Date of Award


Document Type


Degree Name

Philosophy (Ph.D)


Pharmaceutical Sciences

First Advisor

Ketankumar Patel

Second Advisor

Sandra E Reznik

Third Advisor

Abu T.M. Serajuddin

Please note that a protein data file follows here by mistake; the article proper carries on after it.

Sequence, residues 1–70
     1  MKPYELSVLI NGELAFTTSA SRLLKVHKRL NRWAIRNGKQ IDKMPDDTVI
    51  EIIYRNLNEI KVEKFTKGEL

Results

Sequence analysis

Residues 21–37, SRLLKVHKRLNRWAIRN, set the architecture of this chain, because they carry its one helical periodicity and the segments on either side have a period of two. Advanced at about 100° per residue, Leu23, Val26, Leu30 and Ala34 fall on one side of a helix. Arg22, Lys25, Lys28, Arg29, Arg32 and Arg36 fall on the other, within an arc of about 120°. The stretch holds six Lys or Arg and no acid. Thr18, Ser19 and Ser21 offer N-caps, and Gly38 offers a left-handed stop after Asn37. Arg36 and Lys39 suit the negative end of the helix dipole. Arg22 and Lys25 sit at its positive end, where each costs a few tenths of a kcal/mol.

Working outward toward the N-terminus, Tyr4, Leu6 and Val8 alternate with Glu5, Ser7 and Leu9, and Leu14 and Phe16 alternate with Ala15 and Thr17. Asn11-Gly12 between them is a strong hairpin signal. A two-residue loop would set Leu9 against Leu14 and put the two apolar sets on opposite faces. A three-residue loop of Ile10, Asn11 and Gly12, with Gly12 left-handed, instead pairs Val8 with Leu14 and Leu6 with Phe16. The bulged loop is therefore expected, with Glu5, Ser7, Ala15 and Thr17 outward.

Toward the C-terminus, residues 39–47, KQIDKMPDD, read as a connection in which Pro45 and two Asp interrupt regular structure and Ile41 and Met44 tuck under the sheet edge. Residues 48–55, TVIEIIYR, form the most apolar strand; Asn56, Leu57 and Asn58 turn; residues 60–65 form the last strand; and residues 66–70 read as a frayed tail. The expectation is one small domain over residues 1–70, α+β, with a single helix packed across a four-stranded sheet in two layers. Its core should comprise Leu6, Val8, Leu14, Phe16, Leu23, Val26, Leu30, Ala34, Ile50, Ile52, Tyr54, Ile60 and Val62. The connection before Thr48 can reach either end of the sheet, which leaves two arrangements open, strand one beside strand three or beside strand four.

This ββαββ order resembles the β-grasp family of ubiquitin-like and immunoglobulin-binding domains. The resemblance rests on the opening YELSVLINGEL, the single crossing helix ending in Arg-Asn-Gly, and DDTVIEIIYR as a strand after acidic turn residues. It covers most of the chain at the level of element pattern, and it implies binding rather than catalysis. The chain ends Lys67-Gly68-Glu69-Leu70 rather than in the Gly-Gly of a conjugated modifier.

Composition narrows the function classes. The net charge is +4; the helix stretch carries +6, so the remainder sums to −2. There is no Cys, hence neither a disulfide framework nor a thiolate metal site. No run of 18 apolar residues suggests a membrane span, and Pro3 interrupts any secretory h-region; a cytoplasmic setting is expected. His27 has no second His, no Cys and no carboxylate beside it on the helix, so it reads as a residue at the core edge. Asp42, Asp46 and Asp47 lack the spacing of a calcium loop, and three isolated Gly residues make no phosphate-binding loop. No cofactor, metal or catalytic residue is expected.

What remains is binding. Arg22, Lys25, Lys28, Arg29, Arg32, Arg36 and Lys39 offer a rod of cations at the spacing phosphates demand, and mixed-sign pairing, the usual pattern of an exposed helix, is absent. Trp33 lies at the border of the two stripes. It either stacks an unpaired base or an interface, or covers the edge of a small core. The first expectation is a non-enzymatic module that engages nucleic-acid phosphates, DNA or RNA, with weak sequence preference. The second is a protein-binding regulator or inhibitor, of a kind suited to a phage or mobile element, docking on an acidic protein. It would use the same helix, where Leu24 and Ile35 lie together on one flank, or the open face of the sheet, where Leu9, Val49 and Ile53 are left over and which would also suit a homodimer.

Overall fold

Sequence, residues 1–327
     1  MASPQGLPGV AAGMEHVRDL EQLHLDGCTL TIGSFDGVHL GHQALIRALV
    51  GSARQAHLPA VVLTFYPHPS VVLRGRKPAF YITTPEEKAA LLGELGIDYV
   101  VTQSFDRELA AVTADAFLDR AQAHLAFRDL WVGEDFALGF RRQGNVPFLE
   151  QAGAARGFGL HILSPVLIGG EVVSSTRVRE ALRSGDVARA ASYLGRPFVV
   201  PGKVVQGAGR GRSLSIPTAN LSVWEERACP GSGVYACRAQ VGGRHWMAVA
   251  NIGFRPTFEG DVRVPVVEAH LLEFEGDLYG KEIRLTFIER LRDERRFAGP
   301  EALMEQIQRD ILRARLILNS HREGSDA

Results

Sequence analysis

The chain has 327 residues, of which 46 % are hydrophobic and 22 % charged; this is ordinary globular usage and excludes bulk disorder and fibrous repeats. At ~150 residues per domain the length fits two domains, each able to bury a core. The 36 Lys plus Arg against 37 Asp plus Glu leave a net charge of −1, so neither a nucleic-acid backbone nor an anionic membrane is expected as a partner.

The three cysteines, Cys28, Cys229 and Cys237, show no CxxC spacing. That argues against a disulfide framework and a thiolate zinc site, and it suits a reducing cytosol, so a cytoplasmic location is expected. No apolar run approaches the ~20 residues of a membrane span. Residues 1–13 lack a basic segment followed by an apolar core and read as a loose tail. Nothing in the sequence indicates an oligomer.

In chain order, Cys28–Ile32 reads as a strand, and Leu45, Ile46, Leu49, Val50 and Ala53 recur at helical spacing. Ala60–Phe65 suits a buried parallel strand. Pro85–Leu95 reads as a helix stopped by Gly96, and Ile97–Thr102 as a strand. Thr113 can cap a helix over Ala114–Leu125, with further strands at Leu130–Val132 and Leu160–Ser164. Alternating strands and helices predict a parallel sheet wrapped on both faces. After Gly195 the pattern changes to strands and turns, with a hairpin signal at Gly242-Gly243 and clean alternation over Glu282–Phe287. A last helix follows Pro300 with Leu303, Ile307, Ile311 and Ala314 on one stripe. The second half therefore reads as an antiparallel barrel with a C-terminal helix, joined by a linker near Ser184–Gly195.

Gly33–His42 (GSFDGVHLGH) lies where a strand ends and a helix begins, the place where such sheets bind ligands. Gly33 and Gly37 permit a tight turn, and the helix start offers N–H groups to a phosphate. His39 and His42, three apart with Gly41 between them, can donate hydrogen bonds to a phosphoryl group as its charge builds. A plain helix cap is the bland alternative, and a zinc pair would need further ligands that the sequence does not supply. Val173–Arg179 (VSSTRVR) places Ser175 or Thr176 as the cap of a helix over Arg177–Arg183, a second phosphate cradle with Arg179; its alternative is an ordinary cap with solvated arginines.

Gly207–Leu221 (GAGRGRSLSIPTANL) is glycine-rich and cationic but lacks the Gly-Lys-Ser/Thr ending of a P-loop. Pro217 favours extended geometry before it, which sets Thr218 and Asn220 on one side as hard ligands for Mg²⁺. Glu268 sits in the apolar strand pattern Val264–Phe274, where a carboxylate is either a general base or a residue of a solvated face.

Annually, preterm birth (PTB) affects fifteen million infants, posing a significant risk of infant mortality and lifelong disability. Among various triggers, it is well-established that infection-associated oxidative stress and inflammation can induce preterm labor. There is no FDA approved medication for the prevention of PTB except tocolytics which provide marginal benefit at a later stage. Scarcity of therapeutic intervention and unmet medical need propelled us in investigating a novel drug molecule. Our current research is focused on investigating the potential of Edaravone (EDA), an FDA-approved antioxidant and anti-inflammatory medication, in delaying preterm labor and improving neonatal outcomes. Our goal is to develop and optimize a translational parenteral dosage form – an injectable nanosuspension of EDA (EDA-NS) for in vivo evaluation. EDA-NS formulation is developed through a dual centrifugation nano-milling process. During its preparation, we evaluated various stabilizers, including bovine serum albumin (BSA), lecithin, poloxamer-407, and hyaluronic acid, both individually and in combinations. Notably, formulations stabilized with hyaluronic acid and poloxamer-407 exhibited phase separation, while stable nanoformulations were prepared using BSA, either alone or in combination with lecithin. To enhance the EDA stability, we explored freeze-drying method. The final EDA-NS formulation, stabilized with 10% BSA, demonstrated a particle size of 253.2±8.9 nm. Furthermore, the release profile indicated controlled drug release, with approximately 44.7 ± 4.5% released within 24-hour period via Fickian diffusion. The formulation exhibited acceptable injectability and remained stable when stored under refrigerated and room temperature conditions for at least one month. In vitro studies on trophoblast cells or macrophages revealed that the formulation effectively reduced levels of reactive oxygen species (ROS), tumor necrosis factor-α (TNF-α), interleukin-1β (IL-1β), interleukin-6 (IL-6), and NF-κB and increased iκBα levels, all while maintaining cell viability. These findings suggest that the formulation is efficacious as well as safe. In vivo experiments, using LPS-induced preterm labor model in timed pregnant CD1 mice, demonstrated delayed labor, improved pup weight, enhanced organ differentiation, and favorable morphological features. Collectively, our research highlights the effectiveness of subcutaneous EDA-NS in preventing LPS-induced preterm labor in vivo. Further, in vivo investigations with higher doses are warranted to optimize the dose.

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